Newly released NSA documents, along with fresh reporting from the Guardian on Friday, show that not only were large internet companies in the U.S.—including Yahoo, Google, Microsoft and Facebook—aware of massive surveillance operations by the intelligence agency but were receiving payment from the government in order to cover financial costs incurred by their compliance with the measures.
As the Guardian's Ewan MacAskill reports:
The disclosure that taxpayers' money was used to cover the companies' compliance costs raises new questions over the relationship between Silicon Valley and the NSA. Since the existence of the program was first revealed by the Guardian and the Washington Post on June 6, the companies have repeatedly denied all knowledge of it and insisted they only hand over user data in response to specific legal requests from the authorities.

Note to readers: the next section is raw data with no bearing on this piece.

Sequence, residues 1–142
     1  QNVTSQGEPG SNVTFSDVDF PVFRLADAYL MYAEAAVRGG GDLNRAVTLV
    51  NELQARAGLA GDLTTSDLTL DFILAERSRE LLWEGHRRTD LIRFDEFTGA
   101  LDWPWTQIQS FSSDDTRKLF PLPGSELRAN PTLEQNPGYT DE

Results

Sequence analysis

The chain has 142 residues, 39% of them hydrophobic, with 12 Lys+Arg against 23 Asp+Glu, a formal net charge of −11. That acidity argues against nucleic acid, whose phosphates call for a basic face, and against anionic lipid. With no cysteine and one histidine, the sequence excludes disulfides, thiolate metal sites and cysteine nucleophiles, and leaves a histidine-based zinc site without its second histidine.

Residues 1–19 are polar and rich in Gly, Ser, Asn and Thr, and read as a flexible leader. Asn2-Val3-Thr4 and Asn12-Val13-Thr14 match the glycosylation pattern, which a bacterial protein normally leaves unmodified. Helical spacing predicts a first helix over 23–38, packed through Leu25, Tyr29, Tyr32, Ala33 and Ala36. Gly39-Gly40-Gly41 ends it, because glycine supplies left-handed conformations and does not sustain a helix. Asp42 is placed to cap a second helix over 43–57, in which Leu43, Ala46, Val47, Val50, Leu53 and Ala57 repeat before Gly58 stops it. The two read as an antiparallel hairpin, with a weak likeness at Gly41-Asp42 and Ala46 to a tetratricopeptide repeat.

The reporting by MacAskill utilized internal NSA memos about the agency's 'Prism' program provided by whistleblower Edward Snowden and coupled them with recent declassified information about a 2011 ruling by the Foreign Intelligence Surveillance Court (FISC) which ruled that aspects of certain surveillance programs were unconstitutional.
In the aftermath of that 2011 FISC ruling, as MacAskill, the NSA was forced to pay "millions of dollars to cover the costs of major internet companies involved in the Prism surveillance program."